Revealed: Questions Kenyan Men are Asking Gynaecologists
Men don’t routinely visit Gynecologists. Admittedly, some harbor anxieties when their female partners go for gynecological consultations.
Over the years, I have had multitudes of questions from men, some anonymously and others in person. For those not bold enough to seek answers in person, here’s a glimpse of what many may have always wanted to know.
1. Are internal examinations done every time women visit their Gynecologists?
The answer is no. Internal examinations should only be done for very good reasons, and not on a whim. All intimate examinations should be done in the presence of a chaperone to negate any potential misdemeanors from either party. If a chaperone is not offered, or if declined, appropriate documentation must be made.
2. Can an abnormal Pap smear affect the male sexual partner?
Minor changes on the cervix are fairly common, and either resolve spontaneously or require specific treatment. There are no untoward effects on men, but psychological effects in either or both partners may interfere with intimacy.
Fertility problems are fairly common, and there is a biased belief that the problem is usually with the women. Surely, men can’t have any fertility problems? Far from the truth, men are the cause of fertility problems in about a third of all cases. The surest way is for men to accompany their partners to a joint consultation and get basic tests done, thereby settling the matter.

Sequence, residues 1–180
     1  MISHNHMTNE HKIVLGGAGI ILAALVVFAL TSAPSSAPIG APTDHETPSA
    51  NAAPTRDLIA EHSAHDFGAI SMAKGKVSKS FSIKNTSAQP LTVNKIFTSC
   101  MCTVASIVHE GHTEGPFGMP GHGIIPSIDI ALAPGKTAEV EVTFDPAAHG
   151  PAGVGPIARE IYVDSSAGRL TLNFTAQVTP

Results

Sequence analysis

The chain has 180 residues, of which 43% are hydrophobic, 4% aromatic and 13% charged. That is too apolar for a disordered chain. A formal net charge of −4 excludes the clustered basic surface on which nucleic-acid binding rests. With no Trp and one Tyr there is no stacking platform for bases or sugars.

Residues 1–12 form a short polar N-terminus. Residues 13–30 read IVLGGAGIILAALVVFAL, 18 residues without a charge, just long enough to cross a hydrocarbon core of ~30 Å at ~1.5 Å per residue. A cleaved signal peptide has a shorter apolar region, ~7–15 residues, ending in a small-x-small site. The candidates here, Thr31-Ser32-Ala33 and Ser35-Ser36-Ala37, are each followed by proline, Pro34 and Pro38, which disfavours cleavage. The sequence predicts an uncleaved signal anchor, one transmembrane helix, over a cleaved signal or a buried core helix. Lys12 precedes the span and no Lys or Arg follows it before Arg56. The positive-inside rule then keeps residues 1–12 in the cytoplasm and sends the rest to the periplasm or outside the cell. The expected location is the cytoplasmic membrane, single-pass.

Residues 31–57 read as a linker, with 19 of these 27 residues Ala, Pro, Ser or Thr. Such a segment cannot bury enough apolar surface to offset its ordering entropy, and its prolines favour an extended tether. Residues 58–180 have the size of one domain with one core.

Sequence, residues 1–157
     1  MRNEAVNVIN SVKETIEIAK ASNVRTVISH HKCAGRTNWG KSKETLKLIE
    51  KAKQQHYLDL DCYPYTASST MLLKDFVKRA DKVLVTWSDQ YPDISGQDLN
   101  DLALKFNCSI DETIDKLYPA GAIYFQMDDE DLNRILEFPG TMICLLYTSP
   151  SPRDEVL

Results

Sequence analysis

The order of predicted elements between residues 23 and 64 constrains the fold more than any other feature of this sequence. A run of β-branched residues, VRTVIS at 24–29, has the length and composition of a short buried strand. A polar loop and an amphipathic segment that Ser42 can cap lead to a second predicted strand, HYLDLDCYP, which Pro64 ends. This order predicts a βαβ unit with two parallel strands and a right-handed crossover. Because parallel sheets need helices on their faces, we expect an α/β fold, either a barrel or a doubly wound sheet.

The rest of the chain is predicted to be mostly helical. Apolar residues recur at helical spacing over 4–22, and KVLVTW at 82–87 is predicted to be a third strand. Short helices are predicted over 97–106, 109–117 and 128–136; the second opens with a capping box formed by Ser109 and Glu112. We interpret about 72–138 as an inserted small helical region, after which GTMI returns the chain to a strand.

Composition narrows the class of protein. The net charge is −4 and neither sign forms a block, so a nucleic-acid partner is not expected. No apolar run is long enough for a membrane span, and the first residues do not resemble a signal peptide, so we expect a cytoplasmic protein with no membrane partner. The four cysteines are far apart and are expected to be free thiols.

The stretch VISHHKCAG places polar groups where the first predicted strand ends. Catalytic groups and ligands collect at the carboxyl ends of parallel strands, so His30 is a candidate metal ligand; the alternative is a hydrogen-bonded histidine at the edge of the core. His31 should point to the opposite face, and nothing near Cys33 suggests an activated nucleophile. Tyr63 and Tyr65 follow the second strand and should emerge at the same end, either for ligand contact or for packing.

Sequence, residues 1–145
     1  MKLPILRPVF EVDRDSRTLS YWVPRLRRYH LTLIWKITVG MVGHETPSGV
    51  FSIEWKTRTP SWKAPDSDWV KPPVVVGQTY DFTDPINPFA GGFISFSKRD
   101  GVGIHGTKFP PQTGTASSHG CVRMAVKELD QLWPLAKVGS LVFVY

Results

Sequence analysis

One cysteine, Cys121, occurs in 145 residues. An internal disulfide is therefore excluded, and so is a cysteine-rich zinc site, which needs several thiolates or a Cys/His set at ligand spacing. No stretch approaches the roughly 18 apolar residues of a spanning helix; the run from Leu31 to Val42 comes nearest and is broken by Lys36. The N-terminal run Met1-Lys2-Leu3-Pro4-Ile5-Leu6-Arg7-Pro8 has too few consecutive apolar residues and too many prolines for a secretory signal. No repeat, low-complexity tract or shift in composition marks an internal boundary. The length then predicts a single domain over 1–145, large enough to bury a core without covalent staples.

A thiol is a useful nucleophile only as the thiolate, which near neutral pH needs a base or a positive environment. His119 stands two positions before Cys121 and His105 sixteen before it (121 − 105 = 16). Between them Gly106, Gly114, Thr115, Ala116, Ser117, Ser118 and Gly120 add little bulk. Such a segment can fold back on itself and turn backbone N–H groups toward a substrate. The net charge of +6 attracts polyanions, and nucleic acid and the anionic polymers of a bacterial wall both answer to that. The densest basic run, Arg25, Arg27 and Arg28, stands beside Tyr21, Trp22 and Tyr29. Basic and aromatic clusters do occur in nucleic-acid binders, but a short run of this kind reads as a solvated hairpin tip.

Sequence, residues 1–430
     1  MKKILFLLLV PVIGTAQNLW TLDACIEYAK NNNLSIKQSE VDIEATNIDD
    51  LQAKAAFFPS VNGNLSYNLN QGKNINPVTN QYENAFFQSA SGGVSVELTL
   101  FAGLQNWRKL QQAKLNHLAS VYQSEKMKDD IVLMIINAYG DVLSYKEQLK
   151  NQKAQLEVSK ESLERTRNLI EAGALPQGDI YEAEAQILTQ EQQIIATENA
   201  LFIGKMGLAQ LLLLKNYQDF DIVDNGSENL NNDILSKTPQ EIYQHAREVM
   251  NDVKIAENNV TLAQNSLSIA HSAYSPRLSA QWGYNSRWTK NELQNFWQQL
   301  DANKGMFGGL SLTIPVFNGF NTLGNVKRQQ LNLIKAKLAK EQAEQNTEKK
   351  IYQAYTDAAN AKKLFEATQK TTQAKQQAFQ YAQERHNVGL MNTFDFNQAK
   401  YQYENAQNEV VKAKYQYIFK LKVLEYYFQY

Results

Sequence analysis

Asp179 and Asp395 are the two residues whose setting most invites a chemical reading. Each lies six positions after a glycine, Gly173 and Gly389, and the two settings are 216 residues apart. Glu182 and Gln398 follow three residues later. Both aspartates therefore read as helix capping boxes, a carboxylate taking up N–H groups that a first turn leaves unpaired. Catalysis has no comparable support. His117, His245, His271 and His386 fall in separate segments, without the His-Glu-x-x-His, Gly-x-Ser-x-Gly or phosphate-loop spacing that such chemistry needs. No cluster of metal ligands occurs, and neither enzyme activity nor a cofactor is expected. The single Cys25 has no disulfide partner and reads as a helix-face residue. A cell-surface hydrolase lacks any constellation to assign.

4. Does pregnancy mandate sexual abstinence?
The general answer is no. Sexual intercourse during pregnancy is generally safe. Women are advised to avoid sex if they have pregnancy complications. These include; if the mother’s water breaks prematurely or in case of heavy bleeding in pregnancy. Adjustments may be necessary to accommodate pregnancy changes that may interfere with certain positions, or the female partner’s desires.
5. What about after delivery?
A common concern for men is that pregnancy and delivery causes irreversible bodily changes. Most believe that pre-pregnancy levels of intimacy and enjoyment are no longer achievable. Mothers can also regain their pre-preganancy bodies by excising and proper diet. Men have an active role in helping their partners feel comfortable and desirable.
6. Some men want to know why there are so many male Gynecologists.
Male predominance in our field has been by default, and the vast majority are very ethical. There is now a reversal of trends where the majority of graduating Gynecologists are women. Patients are at liberty to select a practitioner that they are comfortable with.
7. Occasionally, a man comes along and wants to know details of his wife’s consultation.
The answer must always be no. The medical law is unambiguous on confidentiality. Husbands have no legal right to their spouse’s medical information, Gynecologists can only divulge such information with written consent of the woman concerned.
Read more on MyGyno.co.ke.